Dodd Center to show works of
"greatests bird painter of all time"
April 13, 1998
The Thomas J. Dodd Research Center will exhibit original watercolors by Rex Brasher (1869-1960), Connecticut's 20th century Audubon, starting April 19.
Brasher, who has been called the "greatest bird painter of all time," traveled across the country to fulfill his dream of painting all the birds of North America in their natural habitats. He published his Birds and Trees of North America in 1932.
He was the only painter to paint in detail every known species and sub-species of North American birds, about 1,200 in total. Brasher said his work represented the completion of work begun by John James Audubon.
Born of a Huguenot family in Brooklyn, N.Y., he lived in Kent, CT., for 35 years and did most of his work there.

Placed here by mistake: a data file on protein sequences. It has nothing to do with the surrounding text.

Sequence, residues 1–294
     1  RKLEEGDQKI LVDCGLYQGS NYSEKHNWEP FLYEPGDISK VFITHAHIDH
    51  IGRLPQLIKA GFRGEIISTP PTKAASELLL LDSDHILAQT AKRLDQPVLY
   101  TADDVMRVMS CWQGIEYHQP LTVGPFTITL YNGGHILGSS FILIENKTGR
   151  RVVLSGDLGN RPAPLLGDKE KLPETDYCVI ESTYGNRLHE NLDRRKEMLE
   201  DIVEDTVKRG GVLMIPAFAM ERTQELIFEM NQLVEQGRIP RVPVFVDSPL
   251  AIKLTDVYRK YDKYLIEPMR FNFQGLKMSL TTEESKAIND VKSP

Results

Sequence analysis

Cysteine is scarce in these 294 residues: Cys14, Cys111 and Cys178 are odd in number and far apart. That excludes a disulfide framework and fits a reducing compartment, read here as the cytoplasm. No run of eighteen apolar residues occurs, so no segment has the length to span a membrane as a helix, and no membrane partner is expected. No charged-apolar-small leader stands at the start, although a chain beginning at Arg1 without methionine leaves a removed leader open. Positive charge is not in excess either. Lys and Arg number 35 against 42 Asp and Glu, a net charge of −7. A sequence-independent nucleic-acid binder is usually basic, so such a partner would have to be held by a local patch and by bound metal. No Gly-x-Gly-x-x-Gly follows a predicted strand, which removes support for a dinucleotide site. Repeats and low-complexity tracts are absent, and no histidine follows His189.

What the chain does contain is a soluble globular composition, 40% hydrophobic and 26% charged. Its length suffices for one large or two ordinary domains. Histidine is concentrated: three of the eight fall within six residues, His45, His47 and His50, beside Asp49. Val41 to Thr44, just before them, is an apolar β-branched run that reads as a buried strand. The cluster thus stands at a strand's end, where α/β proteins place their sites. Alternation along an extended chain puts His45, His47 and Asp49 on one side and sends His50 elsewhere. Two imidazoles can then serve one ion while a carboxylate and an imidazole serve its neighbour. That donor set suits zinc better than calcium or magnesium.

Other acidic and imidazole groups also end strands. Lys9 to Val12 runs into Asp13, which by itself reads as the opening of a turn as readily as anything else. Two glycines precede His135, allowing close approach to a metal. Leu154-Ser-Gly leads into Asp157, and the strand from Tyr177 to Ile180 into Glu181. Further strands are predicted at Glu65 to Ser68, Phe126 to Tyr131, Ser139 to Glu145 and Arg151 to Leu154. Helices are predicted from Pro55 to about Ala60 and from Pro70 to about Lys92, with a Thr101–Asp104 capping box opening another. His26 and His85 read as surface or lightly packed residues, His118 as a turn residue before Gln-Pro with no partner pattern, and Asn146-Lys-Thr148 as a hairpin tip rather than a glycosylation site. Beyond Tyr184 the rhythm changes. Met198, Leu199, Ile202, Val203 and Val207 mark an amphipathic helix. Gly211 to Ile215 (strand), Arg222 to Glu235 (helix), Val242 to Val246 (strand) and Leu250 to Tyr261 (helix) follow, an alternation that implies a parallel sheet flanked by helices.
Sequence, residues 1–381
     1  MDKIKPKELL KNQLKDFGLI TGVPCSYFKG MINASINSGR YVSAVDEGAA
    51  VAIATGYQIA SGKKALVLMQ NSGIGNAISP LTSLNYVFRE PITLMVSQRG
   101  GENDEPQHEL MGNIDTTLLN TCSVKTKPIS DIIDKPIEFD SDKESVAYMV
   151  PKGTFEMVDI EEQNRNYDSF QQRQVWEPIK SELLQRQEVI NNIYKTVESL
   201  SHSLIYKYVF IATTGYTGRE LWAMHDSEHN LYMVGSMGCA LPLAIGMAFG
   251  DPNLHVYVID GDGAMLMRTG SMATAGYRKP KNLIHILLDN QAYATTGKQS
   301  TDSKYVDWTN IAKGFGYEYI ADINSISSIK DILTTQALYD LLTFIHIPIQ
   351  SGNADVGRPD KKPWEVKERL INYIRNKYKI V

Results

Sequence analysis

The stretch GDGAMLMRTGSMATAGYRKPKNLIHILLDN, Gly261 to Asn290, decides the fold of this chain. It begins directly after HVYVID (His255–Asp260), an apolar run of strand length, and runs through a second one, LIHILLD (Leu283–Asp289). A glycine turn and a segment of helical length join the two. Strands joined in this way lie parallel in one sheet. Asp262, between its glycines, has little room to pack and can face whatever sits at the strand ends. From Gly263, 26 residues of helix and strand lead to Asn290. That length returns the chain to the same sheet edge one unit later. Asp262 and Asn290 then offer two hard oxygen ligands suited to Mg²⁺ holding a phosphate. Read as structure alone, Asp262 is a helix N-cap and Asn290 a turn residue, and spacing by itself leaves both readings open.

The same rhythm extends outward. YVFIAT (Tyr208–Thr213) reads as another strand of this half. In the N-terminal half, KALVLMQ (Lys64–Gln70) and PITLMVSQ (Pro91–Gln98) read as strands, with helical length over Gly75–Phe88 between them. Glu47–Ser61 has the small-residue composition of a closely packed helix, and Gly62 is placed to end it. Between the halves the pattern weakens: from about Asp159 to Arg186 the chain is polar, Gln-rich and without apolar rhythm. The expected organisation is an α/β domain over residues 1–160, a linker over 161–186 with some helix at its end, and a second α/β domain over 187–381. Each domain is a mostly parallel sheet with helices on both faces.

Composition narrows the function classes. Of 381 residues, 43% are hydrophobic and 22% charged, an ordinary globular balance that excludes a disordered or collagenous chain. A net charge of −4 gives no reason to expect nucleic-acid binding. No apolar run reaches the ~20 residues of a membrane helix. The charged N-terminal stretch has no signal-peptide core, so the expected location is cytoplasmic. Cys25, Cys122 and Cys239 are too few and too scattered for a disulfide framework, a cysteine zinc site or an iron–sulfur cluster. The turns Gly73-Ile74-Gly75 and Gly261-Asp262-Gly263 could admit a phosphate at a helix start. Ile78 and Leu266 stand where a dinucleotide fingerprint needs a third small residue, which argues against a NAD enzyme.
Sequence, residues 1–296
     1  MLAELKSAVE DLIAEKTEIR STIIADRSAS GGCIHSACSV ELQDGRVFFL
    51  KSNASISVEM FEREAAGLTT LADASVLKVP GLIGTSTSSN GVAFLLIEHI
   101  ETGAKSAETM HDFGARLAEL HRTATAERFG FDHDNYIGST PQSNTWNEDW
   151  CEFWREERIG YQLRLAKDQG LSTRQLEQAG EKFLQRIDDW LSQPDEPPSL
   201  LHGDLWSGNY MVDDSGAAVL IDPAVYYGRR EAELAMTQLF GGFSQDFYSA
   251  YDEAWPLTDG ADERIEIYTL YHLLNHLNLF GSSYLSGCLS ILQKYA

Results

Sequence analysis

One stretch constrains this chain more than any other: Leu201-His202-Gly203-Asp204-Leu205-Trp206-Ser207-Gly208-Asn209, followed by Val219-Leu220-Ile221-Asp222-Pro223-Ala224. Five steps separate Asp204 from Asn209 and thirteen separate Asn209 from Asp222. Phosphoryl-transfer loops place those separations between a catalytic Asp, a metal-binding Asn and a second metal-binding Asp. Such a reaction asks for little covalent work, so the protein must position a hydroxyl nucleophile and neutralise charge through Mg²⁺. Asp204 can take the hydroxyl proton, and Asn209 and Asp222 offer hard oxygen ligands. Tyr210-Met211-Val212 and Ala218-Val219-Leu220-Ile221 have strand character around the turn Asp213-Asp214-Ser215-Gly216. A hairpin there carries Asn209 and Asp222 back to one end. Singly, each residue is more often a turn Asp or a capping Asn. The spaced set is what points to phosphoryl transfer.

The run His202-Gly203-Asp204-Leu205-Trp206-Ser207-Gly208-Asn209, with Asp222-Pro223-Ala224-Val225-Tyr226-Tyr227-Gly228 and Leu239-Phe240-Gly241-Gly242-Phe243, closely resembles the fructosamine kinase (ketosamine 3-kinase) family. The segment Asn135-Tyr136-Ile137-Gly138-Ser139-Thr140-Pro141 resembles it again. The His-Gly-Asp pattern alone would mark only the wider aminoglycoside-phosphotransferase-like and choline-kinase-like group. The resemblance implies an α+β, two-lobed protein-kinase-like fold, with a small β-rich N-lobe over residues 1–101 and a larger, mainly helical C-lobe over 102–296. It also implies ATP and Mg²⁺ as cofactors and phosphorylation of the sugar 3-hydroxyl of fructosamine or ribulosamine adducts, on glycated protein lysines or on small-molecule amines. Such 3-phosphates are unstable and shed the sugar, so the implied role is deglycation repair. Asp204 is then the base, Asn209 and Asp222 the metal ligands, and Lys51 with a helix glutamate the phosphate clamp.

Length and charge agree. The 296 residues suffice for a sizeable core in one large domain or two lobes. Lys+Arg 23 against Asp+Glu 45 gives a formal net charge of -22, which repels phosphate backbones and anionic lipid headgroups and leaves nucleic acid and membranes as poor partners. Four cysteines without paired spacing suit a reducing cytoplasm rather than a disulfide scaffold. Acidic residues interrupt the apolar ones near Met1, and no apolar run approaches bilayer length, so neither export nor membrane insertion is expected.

In 1932, many of his paintings were exhibited at the English Book Shop in New York City.
The State of Connecticut bought the Brasher collection for $74,000 in 1941, and 12 years later started to exhibit them in rotation at the Harkness Memorial State Park.
When decreased state funding made it impractical to continue exhibiting the paintings there, Carl Rettenmeyer, founder of the State Museum of Natural History, urged that they be brought to UConn. The collection is now held in the University Archives at the Dodd Center.
The exhibit, which is cosponsored by the Museum of Natural History, will include a large collection of Brasher's original 875 watercolors and selected volumes of his hand-colored, limited edition set of Birds and Trees of North America.
An opening reception is scheduled for Sunday, April 19, from 2-4 p.m. in the Dodd Center.
Usha R. Palaniswami